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It seems almost a requirement for developing chefs to have had a grandmother who was a fabulous cook to provide inspiration. That prerequisite is present in spades with the high school’s longtime culinary arts teacher, Jack O’Malley. “She was always trying new recipes, new ethnic cuisine,” Jack recalls. “She lived in Boston, so she had access to different ethnic markets.” And he cooked with her, although he’s not certain when he began; “I just always remember being involved,” he says.
In sixth grade, he won a blue ribbon for his construction of a bombe or bombe glacée(a molded ice cream, whipped cream, and fruit dessert) from her recipe. He began cooking in a diner while he was still in high school, and was running small family restaurants by the time he was 20. After finishing culinary arts school, he returned to his grandmother to cook her a dinner. He used her hand-cranked pasta machine to make angel-hair linguine for her. “At the end of the meal, she gave me her pasta machine,” he relates with pride. He later inherited her “cookbook,” a collection of 3 by 5 cards: “One of my aunts found them. It’s a huge binding.” He was paging through it recently, and rediscovered his blue-ribbon recipe.
Now, Jack’s own kids — twin 15-year-old boys and an 11-year-old girl (another boy, 20, is away at college) — cook along with him and his wife at home. “All three love to cook,” he says. “We divide up the prep.”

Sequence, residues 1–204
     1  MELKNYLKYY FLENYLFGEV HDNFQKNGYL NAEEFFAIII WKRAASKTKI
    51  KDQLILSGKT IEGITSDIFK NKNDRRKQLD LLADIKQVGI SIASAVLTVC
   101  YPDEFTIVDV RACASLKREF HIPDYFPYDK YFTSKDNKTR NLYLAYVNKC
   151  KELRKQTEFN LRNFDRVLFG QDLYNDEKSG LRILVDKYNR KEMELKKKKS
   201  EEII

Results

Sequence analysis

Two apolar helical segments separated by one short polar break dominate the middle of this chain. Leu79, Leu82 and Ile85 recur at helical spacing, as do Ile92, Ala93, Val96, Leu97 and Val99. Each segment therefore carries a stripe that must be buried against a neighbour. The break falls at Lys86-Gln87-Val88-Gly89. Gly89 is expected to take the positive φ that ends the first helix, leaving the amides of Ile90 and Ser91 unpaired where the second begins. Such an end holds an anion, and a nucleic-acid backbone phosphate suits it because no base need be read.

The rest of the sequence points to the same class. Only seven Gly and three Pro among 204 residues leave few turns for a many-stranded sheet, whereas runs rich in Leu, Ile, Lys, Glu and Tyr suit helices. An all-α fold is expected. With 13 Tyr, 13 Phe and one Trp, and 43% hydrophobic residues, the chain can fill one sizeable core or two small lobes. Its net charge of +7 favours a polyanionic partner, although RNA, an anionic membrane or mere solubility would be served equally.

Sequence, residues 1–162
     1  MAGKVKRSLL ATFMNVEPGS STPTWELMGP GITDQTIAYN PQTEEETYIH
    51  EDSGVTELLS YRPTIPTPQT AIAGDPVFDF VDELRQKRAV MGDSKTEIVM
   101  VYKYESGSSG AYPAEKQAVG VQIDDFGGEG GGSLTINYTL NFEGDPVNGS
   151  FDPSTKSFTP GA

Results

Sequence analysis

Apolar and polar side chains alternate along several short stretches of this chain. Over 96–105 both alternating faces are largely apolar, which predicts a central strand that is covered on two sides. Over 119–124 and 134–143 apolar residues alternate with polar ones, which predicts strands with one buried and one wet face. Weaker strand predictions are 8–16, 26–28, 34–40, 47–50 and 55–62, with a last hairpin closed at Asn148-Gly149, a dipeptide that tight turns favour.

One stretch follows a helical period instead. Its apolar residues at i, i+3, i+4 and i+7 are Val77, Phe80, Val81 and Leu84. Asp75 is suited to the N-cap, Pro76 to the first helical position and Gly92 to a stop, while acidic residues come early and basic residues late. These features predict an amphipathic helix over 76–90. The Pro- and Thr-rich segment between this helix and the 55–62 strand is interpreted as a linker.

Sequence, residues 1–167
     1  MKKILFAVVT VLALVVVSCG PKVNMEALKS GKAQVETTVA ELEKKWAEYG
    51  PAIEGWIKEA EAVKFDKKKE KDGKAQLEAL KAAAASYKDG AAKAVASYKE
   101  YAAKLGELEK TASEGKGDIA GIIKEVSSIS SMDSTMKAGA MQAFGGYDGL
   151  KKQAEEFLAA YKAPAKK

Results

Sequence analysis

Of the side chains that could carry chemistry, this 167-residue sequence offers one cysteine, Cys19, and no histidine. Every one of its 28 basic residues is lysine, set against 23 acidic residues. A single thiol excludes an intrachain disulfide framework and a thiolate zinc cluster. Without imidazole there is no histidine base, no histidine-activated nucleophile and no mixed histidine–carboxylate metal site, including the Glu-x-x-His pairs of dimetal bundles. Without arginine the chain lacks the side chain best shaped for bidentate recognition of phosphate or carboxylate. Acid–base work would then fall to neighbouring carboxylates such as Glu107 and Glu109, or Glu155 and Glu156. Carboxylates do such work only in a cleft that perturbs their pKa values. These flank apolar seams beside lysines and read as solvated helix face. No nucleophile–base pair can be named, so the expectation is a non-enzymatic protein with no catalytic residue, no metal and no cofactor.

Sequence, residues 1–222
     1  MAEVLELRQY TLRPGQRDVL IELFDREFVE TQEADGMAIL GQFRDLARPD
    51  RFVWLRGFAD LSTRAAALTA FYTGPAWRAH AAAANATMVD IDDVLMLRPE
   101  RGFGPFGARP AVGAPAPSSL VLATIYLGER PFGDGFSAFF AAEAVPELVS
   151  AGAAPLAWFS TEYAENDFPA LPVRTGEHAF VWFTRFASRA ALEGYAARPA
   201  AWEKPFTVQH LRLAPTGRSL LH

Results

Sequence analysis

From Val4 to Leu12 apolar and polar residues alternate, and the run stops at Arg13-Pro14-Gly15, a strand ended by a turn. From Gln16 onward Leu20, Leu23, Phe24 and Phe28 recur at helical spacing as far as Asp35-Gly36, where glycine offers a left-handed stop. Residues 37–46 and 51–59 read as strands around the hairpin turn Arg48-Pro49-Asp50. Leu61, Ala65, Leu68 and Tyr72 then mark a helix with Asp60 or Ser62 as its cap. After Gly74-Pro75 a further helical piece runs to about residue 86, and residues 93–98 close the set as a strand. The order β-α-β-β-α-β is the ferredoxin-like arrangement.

Because the kids are also active in extracurricular activities like horseback riding and basketball, dinnertime is hectic at the O’Malley house. “I have to round them up, feed them dinner, and get them started on homework,” Jack explains. The following recipe, Shrimp Vittorio, fills the bill for quick and easy. “Except for the shrimp, I usually have all the ingredients on hand,” Jack says. “And you can now buy the shrimp already peeled and deveined.”
This recipe also has sentimental value. “When my wife and I were first married, we’d go to this restaurant and it was on the menu. I adapted it. It kind of reminds me of when we were first married, didn’t have kids, and were able to go out to eat.”
There’s a smile in his voice. “My wife really liked it then, and now, too.”
1 lb. penne pasta
1 Tbs. canola oil
1 1b., or approximately 21–25, jumbo shrimp, peeled and deveined
1 tsp. minced garlic
2 Tbs. sundried tomatoes sliced in thin strips (packed in oil is easier)
2 oz. vodka
1 cup heavy cream
1 tsp. crushed red pepper flakes
2 oz. Parmesan cheese
2 Tbs. basil chiffonade (sliced in thin strips)
Salt and black pepper to taste
- Bring 4 quarts of salted water to a boil: add penne and cook until al dente.
- Drain pasta, reserving one cup of water.
- In large sauté pan heat oil; place in shrimp (do not overcrowd; if necessary, sauté in two batches).
- Cook shrimp on first side until they release from the pan; turn over; cook again for one minute. Do not overcook shrimp — they will finish in the sauce.
- Remove shrimp from pan; return pan to heat; add garlic and sundried tomatoes; continue to cook for another minute.
- Remove pan from heat; deglaze with vodka (carefully put back on heat or it will ignite).
- Reduce liquid by half; add cream and crushed red pepper; return shrimp to pan.
- Cook for another minute; add cooked pasta and Parmesan cheese. Return to heat, then add reserved pasta water to achieve desired sauce consistency. Plate individual pasta bowls and garnish with basil.